14. War is o-ver if you want it…

  15. The entire thesis is deluded.

  16. I propose an end to the war on nouns.

  17. No matter how many “good cops” there might be, the very existence of police departments funded through extortion (taxation) and whose employees recieve qualified immunity is detrimental to liberty. Even some of those slave owning founders would probably never have imagined the state would have it’s own standing army to force it’s will upon individuals, and confiscate their property based upon inability to pay property extortion, etc.

    Policing should be private, where individuals choose these services based upon their desires or need for protection. Maybe the local state farm insurance agency employ’s a team of security agents that cover a certain area, to which individuals pay a premium on top of their home insurance to receive such services. If the company goes around shooting your family members, or attempting to kidnap your father for smoking whatever while doing no harm to anyone……they wouldn’t be in business as they can not force their services on individuals.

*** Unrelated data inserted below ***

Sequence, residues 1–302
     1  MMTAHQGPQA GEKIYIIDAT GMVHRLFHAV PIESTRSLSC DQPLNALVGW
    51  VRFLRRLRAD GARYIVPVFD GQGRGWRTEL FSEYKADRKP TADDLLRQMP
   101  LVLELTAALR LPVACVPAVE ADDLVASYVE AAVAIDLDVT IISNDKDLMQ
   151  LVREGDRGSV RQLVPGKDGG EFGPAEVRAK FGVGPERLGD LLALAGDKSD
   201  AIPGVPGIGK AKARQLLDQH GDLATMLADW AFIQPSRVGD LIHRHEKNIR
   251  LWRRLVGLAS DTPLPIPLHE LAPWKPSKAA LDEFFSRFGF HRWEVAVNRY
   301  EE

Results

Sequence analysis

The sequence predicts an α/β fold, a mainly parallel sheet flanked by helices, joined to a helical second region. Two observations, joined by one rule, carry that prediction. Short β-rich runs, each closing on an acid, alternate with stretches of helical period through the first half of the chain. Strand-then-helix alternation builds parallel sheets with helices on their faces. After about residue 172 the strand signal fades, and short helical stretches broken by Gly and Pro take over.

You would have though folks that are protesting the police would be promoting these things. Instead folks spout nonsense about reform, change and “we must do something” and muh feelz brah. Either face reality and realize that in order for anything positive to happen, the private production of security is the only way liberty can be respected. For the police of the state, will only protect and serve the state and enforce it’s liberty destroying laws and regulations.

    1. I think that you may enjoy this relatively brief video, Vamp.

      I don’t necessarily agree with the narrator’s financial methodology, yet this minor difference in opinion is immaterial with regards to his overall points.